Both type 1 (T1DM) and type 2 diabetes mellitus (T2DM) have been associated with reduced performance on multiple domains of cognitive function and with evidence of abnormal structural and functional brain magnetic resonance imaging (MRI). Cognitive deficits may occur at the very earliest stages of diabetes and are further exacerbated by the metabolic syndrome. The duration of diabetes and glycemic control may have an impact on the type and severity of cognitive impairment, but as yet we cannot predict who is at greatest risk of developing cognitive impairment. The pathophysiology of cognitive impairment is multifactorial, although dysfunction in each interconnecting pathway ultimately leads to discordance in metabolic signaling. The pathophysiology includes defects in insulin signaling, autonomic function, neuroinflammatory pathways, mitochondrial (Mt) metabolism, the sirtuin-peroxisome proliferator-activated receptor-gamma co-activator 1α (SIRT-PGC-1α) axis, and Tau signaling. Several promising therapies have been identified in pre-clinical studies, but remain to be validated in clinical trials.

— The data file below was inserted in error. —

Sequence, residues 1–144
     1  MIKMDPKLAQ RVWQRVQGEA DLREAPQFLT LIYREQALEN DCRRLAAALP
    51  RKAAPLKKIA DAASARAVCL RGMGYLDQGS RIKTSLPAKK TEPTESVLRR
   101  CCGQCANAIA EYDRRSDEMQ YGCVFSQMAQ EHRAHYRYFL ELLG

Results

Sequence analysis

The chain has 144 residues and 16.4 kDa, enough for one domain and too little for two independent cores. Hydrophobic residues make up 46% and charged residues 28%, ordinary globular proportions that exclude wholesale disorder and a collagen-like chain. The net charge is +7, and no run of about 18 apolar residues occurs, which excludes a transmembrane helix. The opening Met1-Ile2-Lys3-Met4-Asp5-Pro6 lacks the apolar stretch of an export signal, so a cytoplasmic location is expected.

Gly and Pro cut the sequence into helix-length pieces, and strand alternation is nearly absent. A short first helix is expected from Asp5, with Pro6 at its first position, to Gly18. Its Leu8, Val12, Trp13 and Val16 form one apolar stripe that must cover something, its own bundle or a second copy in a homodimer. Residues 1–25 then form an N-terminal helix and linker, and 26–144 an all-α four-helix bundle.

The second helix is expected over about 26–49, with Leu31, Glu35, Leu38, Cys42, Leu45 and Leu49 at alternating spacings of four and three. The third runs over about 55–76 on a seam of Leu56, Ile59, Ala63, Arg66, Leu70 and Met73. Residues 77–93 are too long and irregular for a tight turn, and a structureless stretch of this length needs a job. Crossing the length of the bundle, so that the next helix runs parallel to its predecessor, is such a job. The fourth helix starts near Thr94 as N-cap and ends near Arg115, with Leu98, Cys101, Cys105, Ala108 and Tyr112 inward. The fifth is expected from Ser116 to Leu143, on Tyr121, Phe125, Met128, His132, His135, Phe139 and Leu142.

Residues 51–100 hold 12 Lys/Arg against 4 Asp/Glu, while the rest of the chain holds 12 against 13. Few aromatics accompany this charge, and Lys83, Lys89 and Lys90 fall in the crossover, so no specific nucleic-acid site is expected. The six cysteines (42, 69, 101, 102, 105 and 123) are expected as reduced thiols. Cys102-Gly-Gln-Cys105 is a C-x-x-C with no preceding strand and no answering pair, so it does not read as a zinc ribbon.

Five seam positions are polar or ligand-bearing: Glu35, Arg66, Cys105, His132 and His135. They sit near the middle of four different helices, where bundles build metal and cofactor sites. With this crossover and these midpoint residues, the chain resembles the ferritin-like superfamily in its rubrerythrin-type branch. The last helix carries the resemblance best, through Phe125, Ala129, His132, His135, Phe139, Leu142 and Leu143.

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Supported in part by the Office of Research Development (R&D), Department of Veterans Affairs (LZ); Office of Research Development, Department of Veterans Affairs (Biomemedical and Laboratory Research Service and Rehabilitation Research and Development, 101RX001030), National Institute of Diabetes and Digestive and Kidney Diseases, National Institutes of Health 1R01DK107007-01A1, Diabetes Action Research and Education Foundation (JWR), and grant P30DK072488 from the National Institute of Diabetes and Digestive and Kidney Diseases.
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The authors declare that they have no competing interests.
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This article does not contain any studies with human or animal subjects performed by any of the authors.
This article is part of the Topical Collection on Microvascular Complications—Neuropathy
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Zilliox, L.A., Chadrasekaran, K., Kwan, J.Y. et al. Diabetes and Cognitive Impairment. Curr Diab Rep 16, 87 (2016). https://doi.org/10.1007/s11892-016-0775-x